Tesla’s battery genius may hold the key to a closed-loop recycling endgame

Tesla Gigafactory Nevada battery cell production line (Credit: Super Factories)

Last year, a proverbial bomb dropped on Tesla after CTO and co-founder JB Straubel announced that he was transitioning into an advisor role and stepping away from his day-to-day duties in the company. While Straubel assured investors that he was not “disappearing” from Tesla in his final earnings call, he did stay notably under the radar following his departure. But as the date for the electric car maker’s Battery Day draws closer, it appears that some pieces are slowly falling into place suggesting that JB Straubel’s company, Redwood Materials, and Tesla, may be coming together at a key junction. 

To state that JB Straubel was the backbone of Tesla’s industry-leading battery tech is no understatement. Much of the company’s breakthroughs in its battery-related efforts, such as the construction of Gigafactory Nevada, would not have been possible without Straubel’s genius. In fact, so notable were his contributions to Tesla’s battery tech in the company’s early days that he was eventually considered as a co-founder of the electric car maker. 

But even during his last years at Tesla, Straubel has remarked that one key aspect remains missing from the EV transition — closed-loop battery recycling. Battery electric vehicles are great in the way that they are zero-emissions, after all, but disposing of their batteries at their end-of-life presents notable challenges under closed-loop recycling is developed. “Ultimately what we want is a closed-loop, right, at the Gigafactories that reuses the same, recycled materials,” he remarked at Tesla’s 2018 Annual Shareholders Meeting. 

Former Tesla CTOJB Straubel. (Credit: Tesla)

Prior to his departure from his day-to-day duties at Tesla, reports emerged stating that Straubel had founded a stealthy battery recycling startup called Redwood Materials. Interestingly enough, Redwood centered its operations in Nevada, the same state that hosts Tesla’s biggest battery facility to date, Gigafactory 1. When reports about Redwood initially emerged in 2018, however, Straubel was quick to note that his recycling startup’s operations are “unrelated to Tesla or to the Gigafactory directly.” 

A recent report from The Wall Street Journal has now revealed some notable details that may explain some aspects of Straubel’s statement back in 2018. According to the publication, Redwood has already convinced Panasonic, Tesla’s battery partner at Gigafactory Nevada, to utilize Redwood’s technology to reclaim scrap from its operations in the facility. Panasonic reportedly started with a trial run that involved Redwood reclaiming more than 400 pounds of scrap from its Giga Nevada operations. The Japanese firm appears to have been satisfied with Redwood’s results in the trial run, as Panasonic reportedly upped its contract with the startup to 2 tons not long after. 

Today, the Journal stated that all of the scrap coming from Panasonic’s side of Gigafactory Nevada’s battery production activities are being shipped to Redwood Materials for recycling. In a way, Redwood’s partnership with Panasonic seems to fit Straubel’s statement back in 2018, when he noted that his startup has no direct relation to Tesla’s operations. That being said, it is evident that Redwood’s tech is a notable step forward towards JB Straubel’s vision of a closed-loop battery recycling system.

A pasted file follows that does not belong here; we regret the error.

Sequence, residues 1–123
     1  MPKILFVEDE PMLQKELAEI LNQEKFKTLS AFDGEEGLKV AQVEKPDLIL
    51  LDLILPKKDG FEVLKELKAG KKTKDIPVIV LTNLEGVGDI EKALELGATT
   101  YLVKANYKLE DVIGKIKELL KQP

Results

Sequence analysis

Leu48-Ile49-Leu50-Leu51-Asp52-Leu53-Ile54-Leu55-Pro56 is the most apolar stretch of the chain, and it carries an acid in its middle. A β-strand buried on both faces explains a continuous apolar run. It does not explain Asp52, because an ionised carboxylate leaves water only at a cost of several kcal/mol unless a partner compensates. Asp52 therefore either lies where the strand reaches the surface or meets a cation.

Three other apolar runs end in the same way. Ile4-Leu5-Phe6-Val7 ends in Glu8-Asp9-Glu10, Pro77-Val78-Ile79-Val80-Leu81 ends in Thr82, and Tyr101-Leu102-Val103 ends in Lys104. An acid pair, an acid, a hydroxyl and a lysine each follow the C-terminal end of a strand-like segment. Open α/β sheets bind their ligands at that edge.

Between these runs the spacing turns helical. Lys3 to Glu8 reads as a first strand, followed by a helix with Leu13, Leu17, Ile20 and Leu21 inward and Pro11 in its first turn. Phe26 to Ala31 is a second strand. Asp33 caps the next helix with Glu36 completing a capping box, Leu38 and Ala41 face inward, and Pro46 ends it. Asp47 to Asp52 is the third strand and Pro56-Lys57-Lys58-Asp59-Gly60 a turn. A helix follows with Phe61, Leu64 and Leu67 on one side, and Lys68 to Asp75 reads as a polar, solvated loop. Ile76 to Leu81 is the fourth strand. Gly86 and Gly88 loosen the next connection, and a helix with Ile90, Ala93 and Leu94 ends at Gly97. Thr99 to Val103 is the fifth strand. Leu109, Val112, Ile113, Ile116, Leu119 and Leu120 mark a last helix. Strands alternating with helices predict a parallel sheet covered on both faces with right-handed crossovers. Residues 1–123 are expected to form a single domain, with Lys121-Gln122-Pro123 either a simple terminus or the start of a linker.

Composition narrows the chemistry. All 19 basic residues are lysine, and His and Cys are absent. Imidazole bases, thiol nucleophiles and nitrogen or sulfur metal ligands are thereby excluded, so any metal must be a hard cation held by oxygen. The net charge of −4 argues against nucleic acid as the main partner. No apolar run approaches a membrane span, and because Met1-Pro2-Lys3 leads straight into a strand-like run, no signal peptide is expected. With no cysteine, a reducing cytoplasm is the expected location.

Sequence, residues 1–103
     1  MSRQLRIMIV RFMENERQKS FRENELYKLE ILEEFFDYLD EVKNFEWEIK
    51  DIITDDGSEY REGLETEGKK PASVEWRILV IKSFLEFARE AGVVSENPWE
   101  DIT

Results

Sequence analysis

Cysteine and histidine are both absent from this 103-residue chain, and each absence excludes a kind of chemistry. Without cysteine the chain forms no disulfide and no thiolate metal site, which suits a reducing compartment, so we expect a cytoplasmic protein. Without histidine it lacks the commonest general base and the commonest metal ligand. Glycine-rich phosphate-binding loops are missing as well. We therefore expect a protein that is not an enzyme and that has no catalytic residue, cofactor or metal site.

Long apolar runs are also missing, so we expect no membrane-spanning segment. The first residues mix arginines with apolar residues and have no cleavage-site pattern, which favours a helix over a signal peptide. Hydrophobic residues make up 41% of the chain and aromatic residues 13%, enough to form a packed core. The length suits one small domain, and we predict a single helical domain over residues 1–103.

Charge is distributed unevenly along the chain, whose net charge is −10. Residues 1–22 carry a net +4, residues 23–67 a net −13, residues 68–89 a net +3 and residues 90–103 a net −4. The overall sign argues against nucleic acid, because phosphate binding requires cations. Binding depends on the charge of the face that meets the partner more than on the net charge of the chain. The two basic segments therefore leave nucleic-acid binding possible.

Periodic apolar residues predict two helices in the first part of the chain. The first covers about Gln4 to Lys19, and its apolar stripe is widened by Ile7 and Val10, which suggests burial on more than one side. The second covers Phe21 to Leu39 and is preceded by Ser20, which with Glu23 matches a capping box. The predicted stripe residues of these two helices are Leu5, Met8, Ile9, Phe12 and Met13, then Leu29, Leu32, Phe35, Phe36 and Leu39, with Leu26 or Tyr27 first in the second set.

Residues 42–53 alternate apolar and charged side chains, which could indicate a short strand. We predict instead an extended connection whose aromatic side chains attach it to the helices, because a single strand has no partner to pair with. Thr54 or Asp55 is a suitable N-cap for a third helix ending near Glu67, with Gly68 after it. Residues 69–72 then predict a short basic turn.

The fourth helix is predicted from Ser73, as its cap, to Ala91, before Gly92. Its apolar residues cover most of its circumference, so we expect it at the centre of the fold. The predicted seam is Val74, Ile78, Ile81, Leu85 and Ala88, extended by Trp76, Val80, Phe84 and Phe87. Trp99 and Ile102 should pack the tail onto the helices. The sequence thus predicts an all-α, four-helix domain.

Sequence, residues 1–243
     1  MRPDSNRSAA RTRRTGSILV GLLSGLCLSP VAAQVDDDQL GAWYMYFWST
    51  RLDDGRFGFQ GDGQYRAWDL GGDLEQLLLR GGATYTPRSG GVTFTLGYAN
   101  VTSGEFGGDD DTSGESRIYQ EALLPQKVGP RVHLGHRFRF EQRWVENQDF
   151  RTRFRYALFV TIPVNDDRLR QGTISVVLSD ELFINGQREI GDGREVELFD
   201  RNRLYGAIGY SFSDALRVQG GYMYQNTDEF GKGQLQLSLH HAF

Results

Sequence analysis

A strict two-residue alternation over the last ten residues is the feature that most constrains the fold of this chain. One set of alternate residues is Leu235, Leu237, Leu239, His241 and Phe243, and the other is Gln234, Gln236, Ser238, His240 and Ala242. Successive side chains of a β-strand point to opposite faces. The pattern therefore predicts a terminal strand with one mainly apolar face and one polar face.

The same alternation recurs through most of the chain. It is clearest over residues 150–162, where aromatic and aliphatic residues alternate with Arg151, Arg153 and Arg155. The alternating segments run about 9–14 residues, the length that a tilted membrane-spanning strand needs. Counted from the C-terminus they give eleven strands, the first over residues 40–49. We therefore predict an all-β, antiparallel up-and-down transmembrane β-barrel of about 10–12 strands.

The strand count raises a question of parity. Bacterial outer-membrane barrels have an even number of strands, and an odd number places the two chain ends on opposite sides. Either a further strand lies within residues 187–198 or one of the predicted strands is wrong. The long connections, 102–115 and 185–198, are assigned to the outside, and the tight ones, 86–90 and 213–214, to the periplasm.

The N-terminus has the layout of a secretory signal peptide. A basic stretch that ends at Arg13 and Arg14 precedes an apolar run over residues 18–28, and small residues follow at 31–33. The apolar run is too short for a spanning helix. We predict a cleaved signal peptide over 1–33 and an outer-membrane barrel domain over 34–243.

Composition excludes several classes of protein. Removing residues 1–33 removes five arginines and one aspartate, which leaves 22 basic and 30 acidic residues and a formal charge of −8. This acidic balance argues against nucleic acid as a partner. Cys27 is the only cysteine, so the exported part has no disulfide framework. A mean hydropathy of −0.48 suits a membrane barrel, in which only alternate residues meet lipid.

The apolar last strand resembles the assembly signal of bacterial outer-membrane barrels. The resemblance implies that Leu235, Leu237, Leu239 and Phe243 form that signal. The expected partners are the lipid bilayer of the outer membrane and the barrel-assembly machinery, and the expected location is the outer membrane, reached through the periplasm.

Tesla Gigafactory 1, where Model 3 battery cells are produced. (Photo: Tesla)

Straubel’s plans for Redwood are ambitious, as he is looking to develop a recycling process that is so efficient that batteries coming from retired electric vehicles and energy storage units could be quickly stripped down, recycled for their core materials, and used to rebuild new batteries. With such a system in place, a closed-loop is created, and hardly any materials are lost. It’s a lofty goal, but it does hint at Straubel’s understated determination that made him such a powerful background force in Tesla.

Interestingly enough, Tesla’s new Impact Report specifically includes a section about closed-loop battery recycling. According to the electric car maker, such a setup at Gigafactory Nevada “presents a compelling solution to move energy supply away from the fossil-fuel based practice of take, make and burn, to a more circular model of recycling end-of-life batteries for reuse over and over again. From an economic perspective, we expect to recognize significant savings over the long term, as the costs associated with large-scale battery material recovery and recycling will be far lower than purchasing and transporting new materials.” 

It remains to be seen if JB Straubel’s Redwood Materials and Tesla are indeed working together to recycle batteries from Gigafactory 1 and perhaps even the electric car maker’s own Roadrunner program, but despite the lack of confirmation for now, one thing is certain. One of the brightest minds in Tesla, who is arguably the genius behind the company’s battery tech and initiatives, has started a thriving company that fills in the crucial gap of battery recycling. And with such a key innovation at its doorstep, it appears out of character for Tesla to simply ignore the opportunities presented by Redwood Materials and its battery recycling technologies. 

Tesla’s battery genius may hold the key to a closed-loop recycling endgame
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